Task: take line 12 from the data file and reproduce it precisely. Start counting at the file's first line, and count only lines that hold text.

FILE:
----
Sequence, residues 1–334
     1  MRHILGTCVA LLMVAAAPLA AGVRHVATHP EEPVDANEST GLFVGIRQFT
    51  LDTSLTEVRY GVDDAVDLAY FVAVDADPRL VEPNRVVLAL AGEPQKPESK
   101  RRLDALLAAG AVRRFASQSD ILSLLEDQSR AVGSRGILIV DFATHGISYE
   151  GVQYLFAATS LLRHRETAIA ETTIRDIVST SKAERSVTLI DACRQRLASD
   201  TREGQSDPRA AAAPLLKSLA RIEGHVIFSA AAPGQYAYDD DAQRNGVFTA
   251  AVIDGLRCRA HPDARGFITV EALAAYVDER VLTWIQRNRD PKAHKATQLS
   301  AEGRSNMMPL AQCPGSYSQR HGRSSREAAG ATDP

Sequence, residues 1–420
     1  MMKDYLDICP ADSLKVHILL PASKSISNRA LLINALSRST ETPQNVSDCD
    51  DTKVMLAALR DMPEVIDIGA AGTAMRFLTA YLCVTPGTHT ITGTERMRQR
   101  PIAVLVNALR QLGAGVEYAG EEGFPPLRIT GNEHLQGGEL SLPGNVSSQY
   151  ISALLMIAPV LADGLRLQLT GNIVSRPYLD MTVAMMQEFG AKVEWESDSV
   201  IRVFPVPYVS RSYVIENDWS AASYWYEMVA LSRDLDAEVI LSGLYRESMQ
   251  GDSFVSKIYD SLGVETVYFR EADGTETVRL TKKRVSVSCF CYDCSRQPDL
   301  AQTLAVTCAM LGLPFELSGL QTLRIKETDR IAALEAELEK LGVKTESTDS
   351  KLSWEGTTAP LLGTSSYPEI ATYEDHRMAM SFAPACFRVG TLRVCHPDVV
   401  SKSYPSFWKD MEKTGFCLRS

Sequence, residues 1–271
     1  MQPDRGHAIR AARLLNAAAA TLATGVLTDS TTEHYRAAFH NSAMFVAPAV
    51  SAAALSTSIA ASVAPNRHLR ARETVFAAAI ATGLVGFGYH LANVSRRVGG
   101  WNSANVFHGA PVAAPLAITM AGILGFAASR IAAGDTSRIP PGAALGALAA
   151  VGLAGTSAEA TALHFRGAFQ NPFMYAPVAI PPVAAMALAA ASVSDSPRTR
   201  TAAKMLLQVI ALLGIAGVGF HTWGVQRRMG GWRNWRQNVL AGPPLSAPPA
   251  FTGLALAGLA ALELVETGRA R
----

   101  PIAVLVNALR QLGAGVEYAG EEGFPPLRIT GNEHLQGGEL SLPGNVSSQY